Roman era wrestler figurine turns out to be an African warrior

A figurine produced during the Roman era that was previously thought to depict a wrestler has been revealed as an African warrior.

Research by English Heritage carried out by curator Cameron Moffett suggests the figurine originally carried a spear in one hand.

Discovered in the 1920s in a Roman cemetery at Wall Roman Site in Staffordshire, the figure is believed to date from the 1st century AD.

(English Heritage/PA)
(English Heritage/PA)

It is just 55mm high and made of lead.

The figure wears an armlet on each upper arm and a necklace of large beads, and experts believe it was included as a grave good in an interred cremation burial.

Its facial expression was originally interpreted as one of suffering and experts concluded the figurine depicted a slave, before analysis in the 1990s led to a new belief that it was a wrestler.

It is now thought that a previously unobserved socket in the figurine’s right hand would have held a weapon, likely a bronze spear, and that the figure would have stood upright.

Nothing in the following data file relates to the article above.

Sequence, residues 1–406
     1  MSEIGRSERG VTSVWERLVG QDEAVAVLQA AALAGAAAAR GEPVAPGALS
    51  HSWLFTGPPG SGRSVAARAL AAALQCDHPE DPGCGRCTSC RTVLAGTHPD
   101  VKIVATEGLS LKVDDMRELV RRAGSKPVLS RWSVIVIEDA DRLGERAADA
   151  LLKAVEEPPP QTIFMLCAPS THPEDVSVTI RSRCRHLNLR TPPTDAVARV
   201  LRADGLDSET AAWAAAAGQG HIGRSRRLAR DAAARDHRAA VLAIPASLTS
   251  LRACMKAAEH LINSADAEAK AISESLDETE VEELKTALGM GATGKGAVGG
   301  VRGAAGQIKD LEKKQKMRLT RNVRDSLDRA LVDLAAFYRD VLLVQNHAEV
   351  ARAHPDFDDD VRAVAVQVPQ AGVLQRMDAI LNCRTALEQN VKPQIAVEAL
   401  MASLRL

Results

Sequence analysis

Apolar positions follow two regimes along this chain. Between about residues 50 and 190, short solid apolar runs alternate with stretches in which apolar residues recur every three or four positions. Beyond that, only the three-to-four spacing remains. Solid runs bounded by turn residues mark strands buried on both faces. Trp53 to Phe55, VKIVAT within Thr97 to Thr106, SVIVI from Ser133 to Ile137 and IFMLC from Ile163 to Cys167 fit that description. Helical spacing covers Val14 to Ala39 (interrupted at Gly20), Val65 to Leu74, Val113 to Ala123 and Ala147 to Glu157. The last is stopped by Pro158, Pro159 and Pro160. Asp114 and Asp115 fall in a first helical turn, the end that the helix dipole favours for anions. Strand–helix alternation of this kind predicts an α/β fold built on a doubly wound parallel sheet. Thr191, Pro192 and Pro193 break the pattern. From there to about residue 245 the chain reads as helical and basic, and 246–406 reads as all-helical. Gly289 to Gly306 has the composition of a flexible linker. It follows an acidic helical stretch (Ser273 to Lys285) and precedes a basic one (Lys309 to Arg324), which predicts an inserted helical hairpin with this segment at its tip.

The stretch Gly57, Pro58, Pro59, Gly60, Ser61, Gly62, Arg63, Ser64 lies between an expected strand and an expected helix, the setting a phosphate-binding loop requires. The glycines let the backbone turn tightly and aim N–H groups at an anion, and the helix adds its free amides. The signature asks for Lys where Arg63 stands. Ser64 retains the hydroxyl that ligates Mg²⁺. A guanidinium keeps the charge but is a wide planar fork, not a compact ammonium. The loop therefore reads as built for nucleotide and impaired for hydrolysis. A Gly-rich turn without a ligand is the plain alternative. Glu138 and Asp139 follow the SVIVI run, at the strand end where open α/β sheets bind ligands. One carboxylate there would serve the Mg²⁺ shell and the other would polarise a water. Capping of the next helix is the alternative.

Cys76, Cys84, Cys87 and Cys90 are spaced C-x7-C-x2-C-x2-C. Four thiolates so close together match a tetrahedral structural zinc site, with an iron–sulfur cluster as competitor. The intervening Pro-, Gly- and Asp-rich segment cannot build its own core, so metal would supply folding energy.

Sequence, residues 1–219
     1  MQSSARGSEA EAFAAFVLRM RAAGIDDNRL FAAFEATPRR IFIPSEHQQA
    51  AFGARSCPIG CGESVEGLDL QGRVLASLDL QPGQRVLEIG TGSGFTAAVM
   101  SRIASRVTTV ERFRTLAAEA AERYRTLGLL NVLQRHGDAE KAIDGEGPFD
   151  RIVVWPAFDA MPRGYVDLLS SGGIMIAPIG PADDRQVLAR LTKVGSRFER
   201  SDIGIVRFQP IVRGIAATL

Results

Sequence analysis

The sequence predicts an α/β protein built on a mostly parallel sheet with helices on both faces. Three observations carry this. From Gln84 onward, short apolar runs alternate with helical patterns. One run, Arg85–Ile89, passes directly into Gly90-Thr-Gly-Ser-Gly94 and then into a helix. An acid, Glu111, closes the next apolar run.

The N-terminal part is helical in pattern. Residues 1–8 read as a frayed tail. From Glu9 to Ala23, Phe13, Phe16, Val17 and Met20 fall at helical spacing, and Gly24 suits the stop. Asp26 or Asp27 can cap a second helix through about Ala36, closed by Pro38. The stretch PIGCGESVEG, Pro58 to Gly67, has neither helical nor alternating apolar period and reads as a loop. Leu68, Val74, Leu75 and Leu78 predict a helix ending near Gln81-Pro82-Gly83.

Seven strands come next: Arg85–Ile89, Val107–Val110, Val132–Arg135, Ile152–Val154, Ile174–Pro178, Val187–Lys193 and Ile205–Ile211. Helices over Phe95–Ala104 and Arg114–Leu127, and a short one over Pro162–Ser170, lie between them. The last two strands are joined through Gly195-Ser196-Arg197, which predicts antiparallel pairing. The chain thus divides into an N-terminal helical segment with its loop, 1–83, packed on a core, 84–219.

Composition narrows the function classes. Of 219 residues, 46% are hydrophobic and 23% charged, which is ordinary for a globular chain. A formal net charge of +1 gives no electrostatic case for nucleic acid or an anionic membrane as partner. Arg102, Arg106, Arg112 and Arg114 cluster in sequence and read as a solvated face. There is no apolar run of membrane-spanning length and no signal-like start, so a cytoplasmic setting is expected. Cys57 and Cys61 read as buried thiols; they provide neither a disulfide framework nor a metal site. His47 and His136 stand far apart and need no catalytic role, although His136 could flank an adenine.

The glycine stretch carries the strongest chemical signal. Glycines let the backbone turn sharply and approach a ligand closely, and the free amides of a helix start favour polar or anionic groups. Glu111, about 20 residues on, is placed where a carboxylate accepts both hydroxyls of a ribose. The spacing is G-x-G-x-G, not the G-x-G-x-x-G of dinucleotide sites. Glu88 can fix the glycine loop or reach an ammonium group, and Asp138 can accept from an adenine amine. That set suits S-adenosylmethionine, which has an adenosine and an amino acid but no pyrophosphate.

According to English Heritage, it is “very unlikely” the piece was made in Britain and it is “sufficiently unusual” to indicate it was made on the continent, possibly close to the Mediterranean.

Wall Roman Site in Staffordshire (English Heritage/PA)
Wall Roman Site in Staffordshire (English Heritage/PA)

Mr Moffet said: “These fragments of past lives are vital to our understanding of the people who lived thousands of years ago, but it is also interesting how interpretations can change over time.

“In the 1920s this figurine was thought to depict an enslaved person, and then a wrestler, but we now know that both of those assertions were mistaken.

“This object actually depicts an African warrior, standing tall and carrying a spear, and the fact that it was a grave good indicates that it would have been a significant possession to its owner.

“During the Roman invasion of Britain, huge numbers of people travelled here from many different parts of the Empire, and while we can only guess at the identity of the object’s carrier, I think it’s very possible that its owner may have seen something of themselves in this object, so important was it to them that they chose to be united with it in death.”

The figurine is on display at Wall Roman Site’s museum until the end of October when the museum will close for winter.